Why is it socially acceptable, that every time a sexual abuse scandal comes to light, (like with USA Gymnastics -Dr.Nassar) the mass response is “we knew something was going on”? As a society we encourage people to speak up, but at the same time are not taking the necessary steps to make sure none of this happens again. It feels as if being reactive is more applauded than being proactive. Speaking up is essential, it’s almost as important as prevention; but if we found a way to stop sexual abuse in sport from happening, speaking up would not even be necessary. Everyone was “outraged” when the Nassar scandal first hit the news, even the USA Gymnastics Federation. Unsurprisingly, it was later revealed that people within the USA Gymnastics Federation knew what Nassar was doing. Everyone screams out after-the-fact because it is socially expected to do so, but no one does anything to stop these abuses from happening, in fact these organisations keep covering it up. Movements like #MeToo do have their merits, but they need to go further, much further.
Everyone understands that there is a widespread sexual abuse problem in sports, yet at the same time, no one knows about it, hears about it, or talks about it. There is a systemic problem, top to bottom, in sports, especially those that involve minors, where a scandal made public would lead to such chaos within the organisation that it just “feels better” to “deal with it internally” (i.e., sweep it under the rug). Why is no one speaking about it? As long as no one says anything, it’s easy for the people to turn a blind eye and let the abuse continue.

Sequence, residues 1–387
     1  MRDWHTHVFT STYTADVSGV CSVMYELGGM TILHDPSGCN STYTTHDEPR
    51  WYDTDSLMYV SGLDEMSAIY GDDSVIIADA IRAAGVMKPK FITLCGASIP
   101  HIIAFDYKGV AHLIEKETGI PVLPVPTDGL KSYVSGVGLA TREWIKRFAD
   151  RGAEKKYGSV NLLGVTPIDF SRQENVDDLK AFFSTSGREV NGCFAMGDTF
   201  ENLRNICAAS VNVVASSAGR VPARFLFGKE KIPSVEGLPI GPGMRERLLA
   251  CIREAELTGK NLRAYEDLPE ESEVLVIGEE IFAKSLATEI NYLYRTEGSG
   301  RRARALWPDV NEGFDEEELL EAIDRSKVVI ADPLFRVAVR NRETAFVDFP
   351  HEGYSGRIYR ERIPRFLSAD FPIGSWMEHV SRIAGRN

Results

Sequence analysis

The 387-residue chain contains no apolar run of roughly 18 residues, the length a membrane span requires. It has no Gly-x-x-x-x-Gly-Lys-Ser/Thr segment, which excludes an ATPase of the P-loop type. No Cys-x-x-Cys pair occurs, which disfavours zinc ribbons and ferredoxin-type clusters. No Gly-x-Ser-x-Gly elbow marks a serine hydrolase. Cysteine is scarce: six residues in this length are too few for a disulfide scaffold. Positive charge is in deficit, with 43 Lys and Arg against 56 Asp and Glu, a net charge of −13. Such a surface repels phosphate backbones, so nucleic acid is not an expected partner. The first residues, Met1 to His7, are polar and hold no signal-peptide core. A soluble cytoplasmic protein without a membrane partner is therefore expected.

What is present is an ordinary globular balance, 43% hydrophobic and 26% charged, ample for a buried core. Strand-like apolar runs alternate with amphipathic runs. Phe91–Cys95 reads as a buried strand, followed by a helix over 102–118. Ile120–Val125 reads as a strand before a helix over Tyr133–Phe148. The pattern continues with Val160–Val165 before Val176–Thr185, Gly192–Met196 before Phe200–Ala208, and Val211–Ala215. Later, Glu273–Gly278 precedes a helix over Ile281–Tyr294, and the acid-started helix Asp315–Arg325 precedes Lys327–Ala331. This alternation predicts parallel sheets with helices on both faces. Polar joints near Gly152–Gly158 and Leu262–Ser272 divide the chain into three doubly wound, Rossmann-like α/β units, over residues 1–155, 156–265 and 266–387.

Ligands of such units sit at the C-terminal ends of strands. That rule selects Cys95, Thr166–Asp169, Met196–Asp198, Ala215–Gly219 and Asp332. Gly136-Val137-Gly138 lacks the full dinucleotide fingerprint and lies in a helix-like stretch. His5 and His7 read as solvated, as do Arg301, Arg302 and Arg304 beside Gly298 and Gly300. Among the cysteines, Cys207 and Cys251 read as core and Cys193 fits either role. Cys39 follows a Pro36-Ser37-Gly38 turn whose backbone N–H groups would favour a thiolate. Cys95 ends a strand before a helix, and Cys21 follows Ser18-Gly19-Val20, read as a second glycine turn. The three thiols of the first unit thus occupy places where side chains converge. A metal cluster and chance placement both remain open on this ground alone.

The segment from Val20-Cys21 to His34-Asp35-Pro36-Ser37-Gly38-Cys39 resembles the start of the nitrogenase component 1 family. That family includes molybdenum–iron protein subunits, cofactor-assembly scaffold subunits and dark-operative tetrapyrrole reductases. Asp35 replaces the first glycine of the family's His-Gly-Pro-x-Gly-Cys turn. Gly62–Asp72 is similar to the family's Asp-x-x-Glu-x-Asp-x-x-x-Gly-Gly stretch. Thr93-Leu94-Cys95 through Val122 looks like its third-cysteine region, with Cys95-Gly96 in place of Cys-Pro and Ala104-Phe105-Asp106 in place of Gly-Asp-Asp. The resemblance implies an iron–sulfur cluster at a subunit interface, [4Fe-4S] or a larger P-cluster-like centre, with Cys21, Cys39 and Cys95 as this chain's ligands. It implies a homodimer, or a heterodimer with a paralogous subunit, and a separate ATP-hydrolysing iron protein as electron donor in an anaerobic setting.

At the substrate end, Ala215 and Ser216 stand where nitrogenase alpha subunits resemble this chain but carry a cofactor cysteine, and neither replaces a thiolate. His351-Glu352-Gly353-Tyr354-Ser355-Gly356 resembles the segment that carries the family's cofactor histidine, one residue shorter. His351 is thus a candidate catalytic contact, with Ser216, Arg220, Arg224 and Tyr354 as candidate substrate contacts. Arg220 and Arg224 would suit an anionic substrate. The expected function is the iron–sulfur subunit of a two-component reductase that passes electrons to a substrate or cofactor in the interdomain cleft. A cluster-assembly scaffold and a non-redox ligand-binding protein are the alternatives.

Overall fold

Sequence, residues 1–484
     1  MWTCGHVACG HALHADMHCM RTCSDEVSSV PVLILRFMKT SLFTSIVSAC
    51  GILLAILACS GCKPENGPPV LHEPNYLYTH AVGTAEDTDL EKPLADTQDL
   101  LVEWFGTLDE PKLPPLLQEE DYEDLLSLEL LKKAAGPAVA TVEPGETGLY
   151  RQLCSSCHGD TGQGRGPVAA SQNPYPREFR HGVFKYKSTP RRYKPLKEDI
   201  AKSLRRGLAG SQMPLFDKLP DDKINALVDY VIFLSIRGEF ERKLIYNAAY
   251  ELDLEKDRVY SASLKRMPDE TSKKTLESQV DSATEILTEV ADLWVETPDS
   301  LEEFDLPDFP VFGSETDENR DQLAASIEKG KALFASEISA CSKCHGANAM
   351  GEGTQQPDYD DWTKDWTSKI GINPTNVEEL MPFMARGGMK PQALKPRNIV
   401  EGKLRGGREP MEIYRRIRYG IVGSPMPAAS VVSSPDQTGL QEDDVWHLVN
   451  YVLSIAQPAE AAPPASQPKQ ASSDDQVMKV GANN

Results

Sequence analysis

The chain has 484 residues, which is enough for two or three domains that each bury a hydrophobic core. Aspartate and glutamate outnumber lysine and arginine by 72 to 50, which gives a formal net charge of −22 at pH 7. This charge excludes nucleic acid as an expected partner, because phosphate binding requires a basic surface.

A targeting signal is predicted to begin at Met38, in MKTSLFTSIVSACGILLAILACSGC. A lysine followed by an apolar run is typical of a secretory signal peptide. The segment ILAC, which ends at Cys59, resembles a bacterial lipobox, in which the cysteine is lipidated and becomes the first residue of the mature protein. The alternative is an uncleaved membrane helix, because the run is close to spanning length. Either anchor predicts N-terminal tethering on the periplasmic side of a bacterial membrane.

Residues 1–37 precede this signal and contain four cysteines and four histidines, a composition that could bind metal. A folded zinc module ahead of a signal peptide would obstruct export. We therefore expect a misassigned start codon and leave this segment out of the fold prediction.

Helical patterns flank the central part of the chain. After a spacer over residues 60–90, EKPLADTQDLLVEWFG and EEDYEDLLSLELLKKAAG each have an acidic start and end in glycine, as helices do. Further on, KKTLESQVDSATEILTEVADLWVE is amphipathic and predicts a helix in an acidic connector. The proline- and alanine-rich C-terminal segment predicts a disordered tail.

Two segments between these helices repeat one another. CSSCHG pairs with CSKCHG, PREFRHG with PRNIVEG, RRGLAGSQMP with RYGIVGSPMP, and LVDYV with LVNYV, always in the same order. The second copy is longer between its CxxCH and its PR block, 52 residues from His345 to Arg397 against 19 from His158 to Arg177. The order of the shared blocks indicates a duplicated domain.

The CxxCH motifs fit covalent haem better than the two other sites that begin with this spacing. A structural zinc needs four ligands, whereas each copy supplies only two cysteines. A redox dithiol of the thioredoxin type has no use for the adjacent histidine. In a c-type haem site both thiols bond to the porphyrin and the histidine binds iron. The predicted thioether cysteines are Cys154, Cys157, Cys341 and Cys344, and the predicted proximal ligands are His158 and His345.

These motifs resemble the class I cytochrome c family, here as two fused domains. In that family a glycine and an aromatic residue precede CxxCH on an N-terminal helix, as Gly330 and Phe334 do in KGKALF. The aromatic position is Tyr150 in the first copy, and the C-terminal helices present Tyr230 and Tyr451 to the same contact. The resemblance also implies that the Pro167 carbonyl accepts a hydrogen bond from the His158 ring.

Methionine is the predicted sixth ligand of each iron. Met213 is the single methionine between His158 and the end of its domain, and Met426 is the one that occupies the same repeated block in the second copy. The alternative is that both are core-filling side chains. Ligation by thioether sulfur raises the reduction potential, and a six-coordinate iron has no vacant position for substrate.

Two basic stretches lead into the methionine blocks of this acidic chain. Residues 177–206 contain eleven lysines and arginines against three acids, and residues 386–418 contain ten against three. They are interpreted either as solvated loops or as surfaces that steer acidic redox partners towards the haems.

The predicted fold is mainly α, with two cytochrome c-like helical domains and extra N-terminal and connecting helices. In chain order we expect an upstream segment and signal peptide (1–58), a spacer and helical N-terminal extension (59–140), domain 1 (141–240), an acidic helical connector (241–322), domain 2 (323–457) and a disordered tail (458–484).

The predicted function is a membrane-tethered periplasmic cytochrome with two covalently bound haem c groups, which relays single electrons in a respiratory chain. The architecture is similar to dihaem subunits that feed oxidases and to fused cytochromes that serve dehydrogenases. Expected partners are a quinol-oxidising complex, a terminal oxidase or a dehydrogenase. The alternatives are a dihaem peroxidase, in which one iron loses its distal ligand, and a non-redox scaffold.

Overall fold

These athletes are scared, they are fighting for their dreams, and they know that in one unlucky break, it can all be over. Athletes feel that they are paying a price for their dreams, but they pay such a high price that most of these athletes end up hating the sport they once loved. The cost of glory should not be innocence; the price of a medal should not be the love of the sport. They already work hard, they already possess the skill; athletes need people to help them reach that podium, not people that threaten to take away that dream if they don’t “do whatever it takes.” Most of these athletes are intimidated into not disclosing such abuses with taking away their chances to compete, while others fear such a possibility. In a world where only a handful of athletes are ever able to achieve their dream, it is understandable why these athletes fear to disclose and why they take so long to do so.
“No means no,” we can all agree on that. But what happens when the fear of losing the one thing they love leads to that “no” becomes a coerced “yes”? What happens when their dreams mean so much that they would give anything up for them, no matter the cost?
Organisations should care as much about athletes’ well-being as they do about their success. Safeguarding measures should be put in place and accusations need to be taken seriously. Sexual abuse scandals cannot be kept confidential and swept under the rug. Education is critical; tolerance and understanding are a must. It is simply not enough to say, “I’ll look into it,” actions need to follow, rules need to be enforced. There needs to be a procedure that teams and federations follow when they become aware of possible abuse and this procedure needs to be followed without deviation. It’s about prevention as well as management.
Although a false accusation can ruin a career, ignoring someone who claims to have been abused can destroy many lives. It’s not about making the accused guilty with only an accusation, it’s about understanding and listening to the accuser and taking allegations seriously. A career can be rebuilt; a life simply can’t.